Groundhog Day is one of my favorite movies. Starring Bill Murray and Andie McDowell, the movie is about a self-absorbed weatherman, Phil Conners (Murray), and his sweet and innocent producer, Rita (McDowell), who are sent to cover the Groundhog Day celebration in Punxsutawney, PA. They are forced to spend the night in Punxsutawney, and when Phil wakes up the next morning, he discovers that it is February 2 — again. He is trapped in an endless loop, reliving the same day, over and over, and he is the only one that knows what’s happening.
What makes the movie so meaningful is that the experience ultimately changes Phil. At first, he simply tries to end the cycle, trying everything he can think of, including suicide. Then he takes advantage of the situation, stealing money, gorging on food (he never gains any weight), and trying to take advantage of women. But over time, Phil comes to accept his fate and use the situation for good. He learns to play the piano; he helps people in crisis. When he finally stops fighting, and starts living for others, he is given his life back.
In one memorable scene, Phil is in a bowling alley with two local guys. He says to them, “What would you do if you were stuck in one place, and every day was exactly the same and nothing that you did mattered?” One of the guys replies, “That about sums it up for me.”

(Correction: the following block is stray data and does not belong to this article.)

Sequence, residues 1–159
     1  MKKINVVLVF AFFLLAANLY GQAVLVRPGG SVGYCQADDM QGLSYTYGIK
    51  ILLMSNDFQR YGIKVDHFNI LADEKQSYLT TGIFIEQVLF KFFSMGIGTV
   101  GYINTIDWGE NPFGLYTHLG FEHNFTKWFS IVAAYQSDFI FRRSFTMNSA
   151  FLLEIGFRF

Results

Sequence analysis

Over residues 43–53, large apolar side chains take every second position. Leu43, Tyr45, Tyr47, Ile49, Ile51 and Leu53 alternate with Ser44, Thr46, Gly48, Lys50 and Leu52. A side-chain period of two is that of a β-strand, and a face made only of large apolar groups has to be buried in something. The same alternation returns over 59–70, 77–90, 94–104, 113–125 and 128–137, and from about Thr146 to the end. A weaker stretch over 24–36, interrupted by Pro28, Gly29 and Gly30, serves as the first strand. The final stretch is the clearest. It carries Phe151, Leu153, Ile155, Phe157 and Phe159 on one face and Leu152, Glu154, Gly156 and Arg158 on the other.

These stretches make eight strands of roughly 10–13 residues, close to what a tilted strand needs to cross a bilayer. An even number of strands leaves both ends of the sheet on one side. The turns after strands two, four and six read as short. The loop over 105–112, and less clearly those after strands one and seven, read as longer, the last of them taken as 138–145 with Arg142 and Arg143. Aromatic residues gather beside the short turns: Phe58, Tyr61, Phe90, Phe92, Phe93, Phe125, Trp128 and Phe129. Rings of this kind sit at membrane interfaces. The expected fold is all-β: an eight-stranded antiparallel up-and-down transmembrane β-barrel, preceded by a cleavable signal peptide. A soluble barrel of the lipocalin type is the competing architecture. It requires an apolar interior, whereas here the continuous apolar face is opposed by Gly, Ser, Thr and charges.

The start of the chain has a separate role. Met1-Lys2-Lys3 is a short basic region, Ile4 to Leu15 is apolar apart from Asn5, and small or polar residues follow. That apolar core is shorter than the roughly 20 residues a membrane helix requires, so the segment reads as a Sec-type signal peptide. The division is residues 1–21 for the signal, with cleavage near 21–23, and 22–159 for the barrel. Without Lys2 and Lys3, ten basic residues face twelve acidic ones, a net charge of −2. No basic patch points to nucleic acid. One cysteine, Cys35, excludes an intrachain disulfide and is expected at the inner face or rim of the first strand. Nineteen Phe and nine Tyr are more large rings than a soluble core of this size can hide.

Sometimes, even though we are not stuck in an endless cycle of February 2nds, we know exactly what Phil Conner is experiencing. Every day feels the same, and nothing seems to matter, nothing we do seems to make a difference. We know what it is like to feel stuck, unable to move forward. Like Phil, we discover that living solely for our own benefit, looking out for number one, does not help. The possibility of new life — the start of a new day — begins when we start living for others. Specifically, when we surrender our lives to God and start following Jesus Christ.
Each of the four New Testament Gospels records Jesus saying something like this: “If any want to become my followers, let them deny themselves and take up their cross and follow me. For those who want to save their life will lose it, and those who lose their life for my sake, and for the sake of the gospel, will save it.” (Mark 8:34b-35). This is how God works; it is the secret to abundant life. It is the power of Easter at work in the world.
The invitation to follow Jesus is an invitation to leave behind the endless cycle of meaningless days and discover the joy and wonder of following Jesus — worshipping God, growing in faith, serving Christ, giving generously, and sharing the Good News.
Surrender your life to God … and see what happens.
Lent and Holy Week at Trinity
Trinity’s 2023 Lenten theme will focus on Jesus’ dying hours and his final words as the Gospel writers recorded them. Last year we considered the final 24 hours of Jesus’ life. This year, Final Words from the Cross by Adam Hamilton will be our guide as meet the variety of characters who gather at the cross and reflect on the seven final statements of Jesus. Join us each week as we seek to understand the meaning of Jesus’ dying words for our lives today.
Here are some important dates to remember. See weekly emails and bulletins for additional information:
- Lent Sermon Series – The Final Words from the Cross
- Lent Study – Final Words from the Cross by Adam Hamilton
Tuesdays at 10:30 a.m. in-person and on Zoom
Wednesdays at 7 p.m. on Zoom
- Holy Week Worship
April 2 – Palm and Passion Sunday 8:30 a.m. and 10:30 a.m.
April 6 – Holy Thursday Service of Holy Communion at 7 p.m.
April 7 – Good Friday Tenebrae Service at 7 p.m.
- Easter – April 9
Eater Sunrise Service at 7 a.m.
Easter Day Services at 8:30 a.m. and 10:30 a.m.